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|Title:||An experimental study of spray cooling of a flip chip|
|Authors:||Tay, A.A.O. |
|Source:||Tay, A.A.O., Lin, C.C.T., Yang, G.X., Somasundaram, S. (2007). An experimental study of spray cooling of a flip chip. Proceedings of the Electronic Packaging Technology Conference, EPTC : 167-171. ScholarBank@NUS Repository. https://doi.org/10.1109/EPTC.2007.4469844|
|Abstract:||With the relentless trend of increasing power and decreasing dimensions, thermal management of electronic packages is becoming a critical issue. Existing cooling techniques are fast becoming inadequate for the powerful electronic components expected in the near future. Researchers all over the world have been experimenting with advanced cooling techniques such as spray and impingement cooling using different liquids such as water and fluroinert fluids. This paper describes an experimental study of spray cooling of a flip chip. The chip used is an 11 mm × 11 mm test chip containing resistors and diodes for heating of the chip and sensing the chip temperature, respectively. The test chip is mounted onto a printed circuit board (PCB) and water is sprayed onto the chip. Other components in the experimental set-up include a nozzle-pump assembly with essential valves and pressure gauges to regulate the flow as required. A state of the art thermal transient tester (T3ster) is used to measure the transient temperature of the test chip. The transient temperature data collected by T3ster is processed by software to give the thermal capacitance/resistance differential structure function. From this plot the thermal resistance at the surface of the chip due to spray cooling can be obtained and hence the heat transfer coefficient. A parametric investigation has also been conducted and the parameters that are considered include chip to nozzle height (H), spraying pressure (P) and heat flux (q) in the chip. A high heat transfer coefficient of 28,500 W/m2K was obtained for H=60 mm, P=1 bar and q=53 W/cm2. It was found that the heat transfer coefficient increases dramatically with heat flux, probably due to increased evaporation rate. © 2007 IEEE.|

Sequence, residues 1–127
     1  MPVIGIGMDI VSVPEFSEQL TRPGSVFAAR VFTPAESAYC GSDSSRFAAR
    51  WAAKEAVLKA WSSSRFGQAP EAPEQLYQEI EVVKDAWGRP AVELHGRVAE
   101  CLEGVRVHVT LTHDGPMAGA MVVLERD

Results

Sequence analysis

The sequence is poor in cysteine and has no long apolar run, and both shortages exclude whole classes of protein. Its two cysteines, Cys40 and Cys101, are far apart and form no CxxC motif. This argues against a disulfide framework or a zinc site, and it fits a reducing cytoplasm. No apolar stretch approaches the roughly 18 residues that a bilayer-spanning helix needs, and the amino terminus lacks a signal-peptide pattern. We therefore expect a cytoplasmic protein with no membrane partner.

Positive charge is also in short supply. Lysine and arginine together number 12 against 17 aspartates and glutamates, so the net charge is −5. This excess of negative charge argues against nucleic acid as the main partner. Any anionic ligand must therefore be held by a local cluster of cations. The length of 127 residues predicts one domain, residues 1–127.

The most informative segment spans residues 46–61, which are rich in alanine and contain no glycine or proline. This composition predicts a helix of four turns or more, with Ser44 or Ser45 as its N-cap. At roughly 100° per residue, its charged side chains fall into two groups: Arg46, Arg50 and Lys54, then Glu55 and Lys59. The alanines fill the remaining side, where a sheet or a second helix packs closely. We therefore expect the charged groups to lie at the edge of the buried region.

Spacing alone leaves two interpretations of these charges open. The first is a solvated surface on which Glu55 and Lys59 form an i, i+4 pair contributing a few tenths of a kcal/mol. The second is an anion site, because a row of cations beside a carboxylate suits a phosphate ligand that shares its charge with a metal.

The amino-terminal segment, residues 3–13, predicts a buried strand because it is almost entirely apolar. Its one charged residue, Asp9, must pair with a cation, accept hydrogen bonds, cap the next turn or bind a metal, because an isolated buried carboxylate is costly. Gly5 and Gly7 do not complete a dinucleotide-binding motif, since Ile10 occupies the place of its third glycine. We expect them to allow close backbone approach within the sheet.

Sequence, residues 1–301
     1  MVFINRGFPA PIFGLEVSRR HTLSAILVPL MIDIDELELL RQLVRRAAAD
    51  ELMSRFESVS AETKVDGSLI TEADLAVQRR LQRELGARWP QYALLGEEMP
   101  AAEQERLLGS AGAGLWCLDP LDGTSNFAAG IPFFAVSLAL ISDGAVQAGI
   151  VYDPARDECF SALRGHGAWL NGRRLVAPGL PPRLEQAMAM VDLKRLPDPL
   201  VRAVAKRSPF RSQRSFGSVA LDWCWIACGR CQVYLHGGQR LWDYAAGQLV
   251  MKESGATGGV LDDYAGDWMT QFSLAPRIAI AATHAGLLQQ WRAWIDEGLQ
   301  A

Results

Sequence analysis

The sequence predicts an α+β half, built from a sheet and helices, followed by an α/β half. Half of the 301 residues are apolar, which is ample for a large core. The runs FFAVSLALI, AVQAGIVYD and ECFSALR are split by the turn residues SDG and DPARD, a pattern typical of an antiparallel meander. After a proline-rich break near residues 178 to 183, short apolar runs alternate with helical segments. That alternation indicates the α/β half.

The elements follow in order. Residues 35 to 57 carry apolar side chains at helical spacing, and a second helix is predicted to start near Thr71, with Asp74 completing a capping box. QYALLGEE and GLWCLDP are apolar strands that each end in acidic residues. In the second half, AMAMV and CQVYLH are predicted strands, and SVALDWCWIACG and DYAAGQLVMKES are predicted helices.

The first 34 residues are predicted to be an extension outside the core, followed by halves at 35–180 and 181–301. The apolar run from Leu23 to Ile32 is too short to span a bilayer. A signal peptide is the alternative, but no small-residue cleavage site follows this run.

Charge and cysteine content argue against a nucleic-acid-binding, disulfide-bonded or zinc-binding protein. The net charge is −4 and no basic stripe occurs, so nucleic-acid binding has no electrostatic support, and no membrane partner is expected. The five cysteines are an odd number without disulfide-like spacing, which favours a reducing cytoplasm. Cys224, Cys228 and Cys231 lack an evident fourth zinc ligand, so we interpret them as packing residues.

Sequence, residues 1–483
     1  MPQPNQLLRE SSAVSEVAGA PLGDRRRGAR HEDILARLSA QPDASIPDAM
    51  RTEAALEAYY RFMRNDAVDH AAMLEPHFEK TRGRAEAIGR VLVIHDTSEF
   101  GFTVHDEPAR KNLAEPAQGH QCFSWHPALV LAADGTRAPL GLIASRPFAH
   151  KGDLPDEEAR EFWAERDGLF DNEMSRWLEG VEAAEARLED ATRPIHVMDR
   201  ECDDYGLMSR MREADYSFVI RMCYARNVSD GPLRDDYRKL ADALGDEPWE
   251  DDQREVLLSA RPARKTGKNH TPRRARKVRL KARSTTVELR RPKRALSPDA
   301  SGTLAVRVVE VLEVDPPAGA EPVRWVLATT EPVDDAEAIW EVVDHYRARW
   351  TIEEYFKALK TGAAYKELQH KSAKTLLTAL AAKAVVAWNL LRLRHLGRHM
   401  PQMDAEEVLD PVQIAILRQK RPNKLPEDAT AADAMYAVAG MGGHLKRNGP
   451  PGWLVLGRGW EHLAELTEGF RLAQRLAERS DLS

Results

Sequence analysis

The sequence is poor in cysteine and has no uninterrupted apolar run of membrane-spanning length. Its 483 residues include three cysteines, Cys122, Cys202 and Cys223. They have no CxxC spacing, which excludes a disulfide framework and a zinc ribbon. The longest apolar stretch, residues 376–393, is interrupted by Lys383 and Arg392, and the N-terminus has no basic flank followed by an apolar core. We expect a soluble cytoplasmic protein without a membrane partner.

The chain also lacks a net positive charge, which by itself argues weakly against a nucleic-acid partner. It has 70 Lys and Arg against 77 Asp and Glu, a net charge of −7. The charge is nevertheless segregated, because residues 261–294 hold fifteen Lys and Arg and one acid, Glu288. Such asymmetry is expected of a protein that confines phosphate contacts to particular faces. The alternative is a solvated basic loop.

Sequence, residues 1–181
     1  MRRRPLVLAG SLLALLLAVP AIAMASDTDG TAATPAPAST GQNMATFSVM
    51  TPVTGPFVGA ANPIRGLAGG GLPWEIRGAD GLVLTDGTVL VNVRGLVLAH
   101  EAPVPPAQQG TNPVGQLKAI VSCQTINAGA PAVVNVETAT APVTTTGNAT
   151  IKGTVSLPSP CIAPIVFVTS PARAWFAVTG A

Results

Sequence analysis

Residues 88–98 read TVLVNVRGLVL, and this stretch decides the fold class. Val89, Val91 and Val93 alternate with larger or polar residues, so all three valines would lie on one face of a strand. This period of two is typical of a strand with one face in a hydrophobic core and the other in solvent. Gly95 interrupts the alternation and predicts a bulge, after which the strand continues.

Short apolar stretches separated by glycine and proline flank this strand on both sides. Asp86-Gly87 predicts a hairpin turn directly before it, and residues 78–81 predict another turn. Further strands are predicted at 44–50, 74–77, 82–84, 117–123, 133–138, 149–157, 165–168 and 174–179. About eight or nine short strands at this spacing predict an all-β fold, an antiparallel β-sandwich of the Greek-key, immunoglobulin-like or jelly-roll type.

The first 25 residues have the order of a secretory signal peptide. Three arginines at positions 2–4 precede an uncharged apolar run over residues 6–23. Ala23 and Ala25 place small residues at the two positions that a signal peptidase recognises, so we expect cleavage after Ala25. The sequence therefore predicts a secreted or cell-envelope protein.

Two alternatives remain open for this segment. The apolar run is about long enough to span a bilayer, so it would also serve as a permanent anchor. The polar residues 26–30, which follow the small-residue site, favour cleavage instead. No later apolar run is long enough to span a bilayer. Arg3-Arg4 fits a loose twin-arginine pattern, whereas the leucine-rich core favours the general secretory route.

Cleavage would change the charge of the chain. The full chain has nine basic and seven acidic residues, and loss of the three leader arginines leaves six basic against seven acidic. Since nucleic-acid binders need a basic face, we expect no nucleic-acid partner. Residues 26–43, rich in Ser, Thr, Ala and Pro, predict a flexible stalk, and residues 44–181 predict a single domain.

|Source Title:||Proceedings of the Electronic Packaging Technology Conference, EPTC|
|Appears in Collections:||Staff Publications|
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